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Is there a place for robotics in the future of train maintenance?

Simon Jarrett, Engineering Assurance and Development Manager for UK train operating company Chiltern Railways, explores the application of robotics in rail maintenance activities and the potential impact they could have on efficiency and capacity.

Is there a place for robotics in the future of train maintenance?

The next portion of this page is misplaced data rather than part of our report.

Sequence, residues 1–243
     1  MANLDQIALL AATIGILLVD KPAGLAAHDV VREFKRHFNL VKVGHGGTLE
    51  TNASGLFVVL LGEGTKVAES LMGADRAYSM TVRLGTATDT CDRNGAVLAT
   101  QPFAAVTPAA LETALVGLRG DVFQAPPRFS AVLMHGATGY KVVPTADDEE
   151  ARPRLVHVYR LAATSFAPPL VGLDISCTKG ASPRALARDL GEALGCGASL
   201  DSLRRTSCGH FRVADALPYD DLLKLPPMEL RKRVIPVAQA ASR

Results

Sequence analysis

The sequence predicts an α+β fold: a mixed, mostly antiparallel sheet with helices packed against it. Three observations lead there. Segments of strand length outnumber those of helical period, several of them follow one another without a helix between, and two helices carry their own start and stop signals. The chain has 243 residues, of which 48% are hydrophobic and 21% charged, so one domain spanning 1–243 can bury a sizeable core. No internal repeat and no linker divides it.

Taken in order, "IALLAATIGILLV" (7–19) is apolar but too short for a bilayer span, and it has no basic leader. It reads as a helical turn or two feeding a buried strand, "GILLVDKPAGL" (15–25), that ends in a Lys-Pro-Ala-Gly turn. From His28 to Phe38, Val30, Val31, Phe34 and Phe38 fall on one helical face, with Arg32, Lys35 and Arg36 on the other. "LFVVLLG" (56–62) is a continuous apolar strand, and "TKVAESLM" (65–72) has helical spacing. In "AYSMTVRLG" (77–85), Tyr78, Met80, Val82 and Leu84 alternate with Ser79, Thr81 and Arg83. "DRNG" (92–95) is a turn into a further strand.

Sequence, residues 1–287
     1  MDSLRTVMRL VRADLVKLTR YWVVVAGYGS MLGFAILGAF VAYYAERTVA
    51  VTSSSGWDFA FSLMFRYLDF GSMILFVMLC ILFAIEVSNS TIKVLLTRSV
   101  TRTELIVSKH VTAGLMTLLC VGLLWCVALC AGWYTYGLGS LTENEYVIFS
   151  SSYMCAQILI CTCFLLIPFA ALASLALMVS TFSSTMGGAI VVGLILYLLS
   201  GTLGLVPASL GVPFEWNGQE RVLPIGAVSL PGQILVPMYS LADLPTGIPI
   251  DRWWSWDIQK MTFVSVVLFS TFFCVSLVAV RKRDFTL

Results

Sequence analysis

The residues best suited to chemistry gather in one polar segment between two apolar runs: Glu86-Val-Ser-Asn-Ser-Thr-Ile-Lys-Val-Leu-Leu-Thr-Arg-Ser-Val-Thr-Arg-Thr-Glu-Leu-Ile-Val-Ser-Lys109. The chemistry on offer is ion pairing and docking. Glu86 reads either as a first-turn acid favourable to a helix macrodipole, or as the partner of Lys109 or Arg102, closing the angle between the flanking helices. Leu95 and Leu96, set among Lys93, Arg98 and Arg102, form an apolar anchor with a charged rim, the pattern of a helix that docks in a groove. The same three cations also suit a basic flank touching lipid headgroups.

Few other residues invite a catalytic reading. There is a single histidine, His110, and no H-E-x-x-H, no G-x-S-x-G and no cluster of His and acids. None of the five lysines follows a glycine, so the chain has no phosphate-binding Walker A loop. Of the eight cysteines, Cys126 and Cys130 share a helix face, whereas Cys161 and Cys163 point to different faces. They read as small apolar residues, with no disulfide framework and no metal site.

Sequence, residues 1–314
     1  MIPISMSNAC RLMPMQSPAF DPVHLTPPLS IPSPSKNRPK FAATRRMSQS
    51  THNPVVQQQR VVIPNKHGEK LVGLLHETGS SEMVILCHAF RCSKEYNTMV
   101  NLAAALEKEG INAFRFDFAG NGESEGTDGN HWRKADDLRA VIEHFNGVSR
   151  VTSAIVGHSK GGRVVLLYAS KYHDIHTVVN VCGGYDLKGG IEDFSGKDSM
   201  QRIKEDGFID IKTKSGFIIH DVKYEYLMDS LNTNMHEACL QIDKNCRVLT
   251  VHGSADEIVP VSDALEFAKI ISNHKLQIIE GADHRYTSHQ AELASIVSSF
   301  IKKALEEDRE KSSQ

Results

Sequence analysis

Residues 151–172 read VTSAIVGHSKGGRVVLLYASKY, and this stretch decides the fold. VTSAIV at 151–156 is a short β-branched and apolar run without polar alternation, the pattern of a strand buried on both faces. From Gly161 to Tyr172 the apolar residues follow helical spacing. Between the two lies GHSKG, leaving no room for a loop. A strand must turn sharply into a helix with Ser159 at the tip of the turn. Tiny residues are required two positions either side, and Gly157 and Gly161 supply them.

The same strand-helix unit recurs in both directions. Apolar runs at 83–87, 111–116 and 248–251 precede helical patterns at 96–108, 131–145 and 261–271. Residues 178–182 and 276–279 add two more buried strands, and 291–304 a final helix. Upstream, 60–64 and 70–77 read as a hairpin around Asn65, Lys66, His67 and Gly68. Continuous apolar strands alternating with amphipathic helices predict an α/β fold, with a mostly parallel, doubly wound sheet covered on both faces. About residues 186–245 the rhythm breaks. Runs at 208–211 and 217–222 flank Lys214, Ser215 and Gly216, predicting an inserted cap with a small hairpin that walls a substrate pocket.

“Are you mad?” or so I thought in 2016 when the Rail Safety and Standards Board (RSSB) suggested that the rail industry explore the use of robotics for rail vehicle maintenance. But the idea appealed to my natural inquisitiveness and I was intrigued by the thought. A lot of recent work on developing rail vehicle maintenance has focused on the use of data and optimisation. Some maintainers have invested in clever inspection technology to measure brake pad thicknesses, inspect pantographs and detect graffiti, amongst other things. But the necessary ‘drudge work’ continues to use manual labour for filling and emptying toilets, topping up sand, fuelling diesel trains, interior and some exterior cleaning. These are areas where the application of robotics could have a significant impact on improving efficiency and capacity.










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